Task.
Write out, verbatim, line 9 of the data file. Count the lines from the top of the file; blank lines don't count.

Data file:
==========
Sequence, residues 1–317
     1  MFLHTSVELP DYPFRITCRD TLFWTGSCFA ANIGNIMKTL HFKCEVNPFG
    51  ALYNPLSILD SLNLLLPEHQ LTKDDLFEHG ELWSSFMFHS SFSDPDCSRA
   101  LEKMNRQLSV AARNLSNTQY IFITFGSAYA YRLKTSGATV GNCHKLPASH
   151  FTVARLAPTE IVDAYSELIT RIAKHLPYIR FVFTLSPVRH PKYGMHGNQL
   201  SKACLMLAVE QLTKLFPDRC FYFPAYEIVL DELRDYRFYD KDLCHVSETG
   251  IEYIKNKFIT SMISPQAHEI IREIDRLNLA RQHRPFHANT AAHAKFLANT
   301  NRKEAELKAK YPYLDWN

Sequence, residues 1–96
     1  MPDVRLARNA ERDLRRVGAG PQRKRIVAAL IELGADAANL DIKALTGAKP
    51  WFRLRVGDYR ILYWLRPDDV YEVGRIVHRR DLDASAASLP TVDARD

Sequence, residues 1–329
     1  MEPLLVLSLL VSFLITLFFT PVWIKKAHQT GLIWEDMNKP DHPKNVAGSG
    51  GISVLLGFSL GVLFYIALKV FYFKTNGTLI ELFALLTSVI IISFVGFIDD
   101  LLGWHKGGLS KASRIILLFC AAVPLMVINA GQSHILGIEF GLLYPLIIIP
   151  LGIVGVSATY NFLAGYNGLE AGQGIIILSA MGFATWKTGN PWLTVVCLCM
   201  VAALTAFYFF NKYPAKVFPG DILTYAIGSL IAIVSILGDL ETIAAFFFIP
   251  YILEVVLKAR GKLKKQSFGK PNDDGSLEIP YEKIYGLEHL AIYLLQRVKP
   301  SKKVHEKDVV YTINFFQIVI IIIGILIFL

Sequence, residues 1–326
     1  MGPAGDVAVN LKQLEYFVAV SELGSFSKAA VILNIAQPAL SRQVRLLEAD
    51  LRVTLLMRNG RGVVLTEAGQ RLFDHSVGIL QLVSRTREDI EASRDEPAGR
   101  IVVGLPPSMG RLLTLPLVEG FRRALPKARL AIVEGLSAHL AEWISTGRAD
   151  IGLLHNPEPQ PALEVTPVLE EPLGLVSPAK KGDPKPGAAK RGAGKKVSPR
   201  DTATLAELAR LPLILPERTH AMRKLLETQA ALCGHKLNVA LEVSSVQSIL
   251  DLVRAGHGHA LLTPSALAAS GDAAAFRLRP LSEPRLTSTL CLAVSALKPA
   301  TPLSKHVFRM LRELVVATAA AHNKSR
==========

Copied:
Sequence, residues 1–96